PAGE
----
Design Criteria for Programming Languages

last updated
8/24/15

What are the goals of the language?  Below are a list of guiding principles
in the design of programming languages.
Most of which are listed in your textbook.
Principles may be conflicting.  No language can accomplish all goals.


Language Goals

During 1950s–1960s – Compile programs to execute efficiently. 

  • There was a direct connection between language features and hardware – integers, reals, goto statements
  • Programmers cheap;
  • Machines expensive;
  • Keep the machine busy

But today

  • Compile programs that are built efficiently
  • CPU power and memory very cheap
  • Direct connection between language features and design concepts – encapsulation, records, inheritance, functionality, assertions

 

 

 

 


General attributes of a good language

Clarity, simplicity, and unity – provides both a framework for thinking about algorithms and a means of expressing those algorithms 

Orthogonality -every combination of features is meaningful

Naturalness for the application – program structure reflects the logical structure of algorithm

Support for abstraction – program data reflects problem being solved

Ease of program verification – verifying that program correctly performs its required function 

Programming environment – external support for the language

Portability of programs – transportability of the resulting programs from the computer on which they are developed to other computer systems

Cost of use – program execution, program translation, program creation, and program maintenance

 

 

 


Efficiency of execution

This is the earliest of design criteria, because of small memories and slow
execution.

 FORTRAN had (has) statements that resembled machine instructions.

 

GOTO (10,20,30,40,50),I  FORTRAN’s “computed goto” 
IF(A(I) - MID) 20,30,40  FORTRAN’s “arithmetic if”
x <<= 3 C’s bit pushing operators

 

 

 


Writability

This is the quality of expressivity in a language. Writability should be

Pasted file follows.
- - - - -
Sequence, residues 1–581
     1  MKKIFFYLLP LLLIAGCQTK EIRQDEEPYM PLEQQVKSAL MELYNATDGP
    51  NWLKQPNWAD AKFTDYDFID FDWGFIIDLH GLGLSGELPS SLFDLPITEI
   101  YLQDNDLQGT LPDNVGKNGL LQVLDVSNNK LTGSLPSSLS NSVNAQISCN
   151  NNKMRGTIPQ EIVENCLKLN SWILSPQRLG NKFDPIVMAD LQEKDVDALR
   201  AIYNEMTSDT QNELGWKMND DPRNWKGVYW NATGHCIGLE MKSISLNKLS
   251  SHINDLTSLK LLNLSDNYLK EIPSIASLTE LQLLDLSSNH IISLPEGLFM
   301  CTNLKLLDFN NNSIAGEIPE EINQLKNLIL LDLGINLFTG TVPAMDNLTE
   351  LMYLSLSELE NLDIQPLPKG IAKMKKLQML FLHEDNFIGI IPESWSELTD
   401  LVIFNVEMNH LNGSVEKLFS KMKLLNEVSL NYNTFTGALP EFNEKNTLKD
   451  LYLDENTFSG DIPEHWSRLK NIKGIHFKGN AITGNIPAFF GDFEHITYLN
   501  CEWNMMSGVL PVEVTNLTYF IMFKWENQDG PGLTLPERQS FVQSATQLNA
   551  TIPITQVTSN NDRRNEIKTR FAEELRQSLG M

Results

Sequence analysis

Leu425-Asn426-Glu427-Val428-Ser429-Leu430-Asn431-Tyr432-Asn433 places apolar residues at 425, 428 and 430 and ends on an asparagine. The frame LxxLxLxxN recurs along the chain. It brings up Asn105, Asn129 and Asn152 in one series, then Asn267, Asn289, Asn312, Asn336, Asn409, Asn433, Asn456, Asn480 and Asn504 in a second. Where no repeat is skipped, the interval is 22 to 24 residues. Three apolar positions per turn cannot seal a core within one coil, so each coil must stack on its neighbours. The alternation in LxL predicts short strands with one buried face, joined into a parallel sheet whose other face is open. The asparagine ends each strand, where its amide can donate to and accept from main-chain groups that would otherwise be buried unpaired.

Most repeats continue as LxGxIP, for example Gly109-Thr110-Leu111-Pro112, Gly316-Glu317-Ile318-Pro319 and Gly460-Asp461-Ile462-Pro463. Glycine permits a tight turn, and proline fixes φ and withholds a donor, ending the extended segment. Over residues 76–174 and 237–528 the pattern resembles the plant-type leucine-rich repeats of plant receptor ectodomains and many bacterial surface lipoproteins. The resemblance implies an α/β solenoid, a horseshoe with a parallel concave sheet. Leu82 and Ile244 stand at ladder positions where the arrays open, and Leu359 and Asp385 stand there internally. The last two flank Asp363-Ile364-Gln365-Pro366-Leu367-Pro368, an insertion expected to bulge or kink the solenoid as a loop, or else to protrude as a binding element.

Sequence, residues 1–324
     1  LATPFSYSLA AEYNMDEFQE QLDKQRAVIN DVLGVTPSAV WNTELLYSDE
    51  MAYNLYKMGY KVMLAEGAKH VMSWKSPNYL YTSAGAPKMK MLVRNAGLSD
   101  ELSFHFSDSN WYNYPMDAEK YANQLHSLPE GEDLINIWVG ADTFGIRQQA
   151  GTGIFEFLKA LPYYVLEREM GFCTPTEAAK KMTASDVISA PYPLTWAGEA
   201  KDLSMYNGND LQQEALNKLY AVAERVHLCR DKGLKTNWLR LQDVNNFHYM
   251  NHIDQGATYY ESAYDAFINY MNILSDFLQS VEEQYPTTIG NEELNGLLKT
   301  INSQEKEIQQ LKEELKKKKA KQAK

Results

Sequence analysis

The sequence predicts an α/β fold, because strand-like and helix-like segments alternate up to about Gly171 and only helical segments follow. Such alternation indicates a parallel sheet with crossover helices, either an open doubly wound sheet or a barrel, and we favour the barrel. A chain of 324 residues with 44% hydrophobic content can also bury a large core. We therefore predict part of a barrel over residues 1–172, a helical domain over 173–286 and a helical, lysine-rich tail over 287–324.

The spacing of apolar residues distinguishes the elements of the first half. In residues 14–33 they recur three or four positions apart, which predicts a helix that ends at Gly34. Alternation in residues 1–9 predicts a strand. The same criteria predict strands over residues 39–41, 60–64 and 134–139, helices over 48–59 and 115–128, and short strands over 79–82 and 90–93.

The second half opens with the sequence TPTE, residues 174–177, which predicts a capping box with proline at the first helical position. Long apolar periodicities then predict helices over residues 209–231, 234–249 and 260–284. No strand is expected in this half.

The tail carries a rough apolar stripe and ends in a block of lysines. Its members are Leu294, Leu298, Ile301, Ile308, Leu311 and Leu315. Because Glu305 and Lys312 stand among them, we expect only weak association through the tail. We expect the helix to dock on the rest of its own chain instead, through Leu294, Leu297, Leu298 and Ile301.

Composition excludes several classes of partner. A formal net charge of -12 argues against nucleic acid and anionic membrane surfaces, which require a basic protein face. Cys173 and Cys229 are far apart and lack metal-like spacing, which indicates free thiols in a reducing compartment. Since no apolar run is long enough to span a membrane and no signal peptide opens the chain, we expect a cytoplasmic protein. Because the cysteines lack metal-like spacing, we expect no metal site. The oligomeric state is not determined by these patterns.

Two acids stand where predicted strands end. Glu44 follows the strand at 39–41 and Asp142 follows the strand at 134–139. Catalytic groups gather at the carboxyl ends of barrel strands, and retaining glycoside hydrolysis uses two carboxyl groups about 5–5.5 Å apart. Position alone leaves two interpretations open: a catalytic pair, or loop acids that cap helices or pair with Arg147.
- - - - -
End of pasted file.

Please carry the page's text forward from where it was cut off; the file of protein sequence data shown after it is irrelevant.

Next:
clear, concise, quick and correct

 APL is an extreme case

A <- i 12 p 3 4 results in a 3×4 matrix initialized with consecutive integers:

[1 2 3 4]
[5 6 7 8]
[9 10 11 12]
 

 LISP has simple, writable syntax in that data structures and program
structures use same syntax.

(f a1 a2 a3 ... an)
is the statement and functional syntax
(function name and arguments follow)
(+ 12 total)

(1 2 3 4 (5 6 ) 7 (9 10))) is a data structure that can represent a tree like
structure, nested lists, matrices, etc.
 

 


Readability

The quality of a language that enables  the reader (even non-programmers)
to understand the nature of the computation or algorithm.

 COBOL is the extreme example 

IF NOT-END-OF-FILE-FLAG THEN
     PERFORM 100-READ-NEXT-DATA-SET
            VARYING I FROM 1 TO 10
         AT END PERFORM 999-UNEXPECTED-EOF.

 

 

 

 

 


Efficient executable code

 
Optimizability:

C

  • statically declared variables (vs stack based variables) are easy to reference
  • constants (#define)
  • register variables
  • ++ (add 1 operation)

 

 

 

 


Efficiency of translation

How fast is the compiler or interpreter?

Pascal is easy

  • 1 pass compilation is possible
  • “define it before you use it” rule

Algol has some slow features

  • call-by-name parameter passing
  • procedural parameters (in Pascal too)

 

 

 

 

 


Reliabililty

Assurance that a program does not behave unexpectedly.

e.g. array bounds checking

  • can be done statically in some cases